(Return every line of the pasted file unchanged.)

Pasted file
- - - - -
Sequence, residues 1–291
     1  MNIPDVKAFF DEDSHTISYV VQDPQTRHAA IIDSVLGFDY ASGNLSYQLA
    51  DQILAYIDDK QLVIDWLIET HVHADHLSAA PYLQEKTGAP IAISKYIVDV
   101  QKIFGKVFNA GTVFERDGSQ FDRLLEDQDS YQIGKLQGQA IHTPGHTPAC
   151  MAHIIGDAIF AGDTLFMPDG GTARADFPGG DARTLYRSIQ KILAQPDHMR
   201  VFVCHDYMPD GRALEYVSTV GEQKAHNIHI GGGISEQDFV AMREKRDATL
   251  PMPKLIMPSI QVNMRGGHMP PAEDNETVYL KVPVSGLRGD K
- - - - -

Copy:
Sequence, residues 1–291
     1  MNIPDVKAFF DEDSHTISYV VQDPQTRHAA IIDSVLGFDY ASGNLSYQLA
    51  DQILAYIDDK QLVIDWLIET HVHADHLSAA PYLQEKTGAP IAISKYIVDV
   101  QKIFGKVFNA GTVFERDGSQ FDRLLEDQDS YQIGKLQGQA IHTPGHTPAC
   151  MAHIIGDAIF AGDTLFMPDG GTARADFPGG DARTLYRSIQ KILAQPDHMR
   201  VFVCHDYMPD GRALEYVSTV GEQKAHNIHI GGGISEQDFV AMREKRDATL
   251  PMPKLIMPSI QVNMRGGHMP PAEDNETVYL KVPVSGLRGD K